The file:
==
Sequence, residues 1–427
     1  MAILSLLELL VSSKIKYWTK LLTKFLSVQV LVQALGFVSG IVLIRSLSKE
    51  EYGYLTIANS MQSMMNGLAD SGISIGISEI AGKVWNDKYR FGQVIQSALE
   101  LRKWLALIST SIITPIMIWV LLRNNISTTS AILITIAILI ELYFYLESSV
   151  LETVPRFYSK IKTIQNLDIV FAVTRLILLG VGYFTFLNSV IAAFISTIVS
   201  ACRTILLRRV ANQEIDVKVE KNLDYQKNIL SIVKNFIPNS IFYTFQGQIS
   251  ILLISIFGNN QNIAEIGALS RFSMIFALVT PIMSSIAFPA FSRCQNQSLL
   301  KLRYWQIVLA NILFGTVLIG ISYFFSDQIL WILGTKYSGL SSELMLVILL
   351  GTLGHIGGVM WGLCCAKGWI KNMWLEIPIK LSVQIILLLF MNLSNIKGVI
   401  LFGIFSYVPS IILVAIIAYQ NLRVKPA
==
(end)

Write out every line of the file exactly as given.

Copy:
Sequence, residues 1–427
     1  MAILSLLELL VSSKIKYWTK LLTKFLSVQV LVQALGFVSG IVLIRSLSKE
    51  EYGYLTIANS MQSMMNGLAD SGISIGISEI AGKVWNDKYR FGQVIQSALE
   101  LRKWLALIST SIITPIMIWV LLRNNISTTS AILITIAILI ELYFYLESSV
   151  LETVPRFYSK IKTIQNLDIV FAVTRLILLG VGYFTFLNSV IAAFISTIVS
   201  ACRTILLRRV ANQEIDVKVE KNLDYQKNIL SIVKNFIPNS IFYTFQGQIS
   251  ILLISIFGNN QNIAEIGALS RFSMIFALVT PIMSSIAFPA FSRCQNQSLL
   301  KLRYWQIVLA NILFGTVLIG ISYFFSDQIL WILGTKYSGL SSELMLVILL
   351  GTLGHIGGVM WGLCCAKGWI KNMWLEIPIK LSVQIILLLF MNLSNIKGVI
   401  LFGIFSYVPS IILVAIIAYQ NLRVKPA